Citrus, Marion, Sumter, Levy, Hernando counties

This 157-mile stream originates in Green Swamp in Hernando County and flows north to the Gulf at Yankeetown. The stream has many limerock areas and associated swamps. Water levels fluctuate except in Lake Rousseau and the area just above the influence of Rainbow River. Water color is dark during the rainy season and clear during low water. Public ramps are located at S.R. 44 in Rutland, C.R. 470 north of Lake Panasofkee, the Outlet River west of Lake Panasofkee on C.R. 470 in Sumter County, C.R. 39 north of SR 200 in Citrus County, U.S. Highway 41 at Dunnellon and SR 40 at Yankeetown.

Local contacts: Anglers Resort Dunnellon 352-489-2397.


Popular species:

Popular fish species

Fish graphics by Duane Raver, Jr.


TrophyCatchTrophyCatch Tracker

TrophyCatch External link is FWC's citizen-science program that rewards anglers for documenting and releasing trophy bass 8 pounds or larger. The following TrophyCatch bass have been submitted from the Withlacoochee River:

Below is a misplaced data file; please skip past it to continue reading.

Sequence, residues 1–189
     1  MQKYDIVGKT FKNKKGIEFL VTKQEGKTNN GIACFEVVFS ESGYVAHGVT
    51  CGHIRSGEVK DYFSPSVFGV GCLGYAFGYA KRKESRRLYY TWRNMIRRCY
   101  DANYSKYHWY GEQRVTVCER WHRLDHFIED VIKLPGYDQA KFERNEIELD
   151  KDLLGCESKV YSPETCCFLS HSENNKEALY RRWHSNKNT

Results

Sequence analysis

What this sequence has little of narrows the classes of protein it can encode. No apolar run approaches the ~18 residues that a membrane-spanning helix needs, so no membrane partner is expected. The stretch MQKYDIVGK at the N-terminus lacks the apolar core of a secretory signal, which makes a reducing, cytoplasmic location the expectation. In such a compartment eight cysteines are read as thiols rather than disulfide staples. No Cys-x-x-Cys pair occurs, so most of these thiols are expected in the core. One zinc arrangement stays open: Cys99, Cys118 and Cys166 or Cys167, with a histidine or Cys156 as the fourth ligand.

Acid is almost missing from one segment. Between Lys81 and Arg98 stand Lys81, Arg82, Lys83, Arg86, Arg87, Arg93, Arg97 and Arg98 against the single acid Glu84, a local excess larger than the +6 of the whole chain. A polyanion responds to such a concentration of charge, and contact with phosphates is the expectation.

Lunker Club (8 – 9.9 pounds): 38

Trophy Club (10 – 12.9 pounds): 4


Current Forecast:

Note: This waterbody may not be accessible due to flooding and other storm related events. For updated information please contact the North Central Regional Office at (386) 758-0525.
Water levels in the river can fluctuate with seasonal conditions. Anglers can stay up to date on river levels by visiting the Southwest Florida Water Management District’s web page External link. Anglers looking to score bigger bass in the river should use live shiners as the weather cools into the fall and winter. These lively baits can be trolled, free-lined, or fished under floats along aquatic vegetation. Soft plastics or worms fished in the shallows around aquatic plants, snags, or other woody cover should produce fish as well. Panfish should provide steady action by fishing crickets, worms, or small artificial lures close to the bank and around woody structure. Fish can also be targeted in and around aquatic plants where you can find them.

FWC Facts:
Scientists can determine the age of a fish by counting growth rings, similar to growth rings of a tree, on otoliths, the “inner ear bones” of fish.

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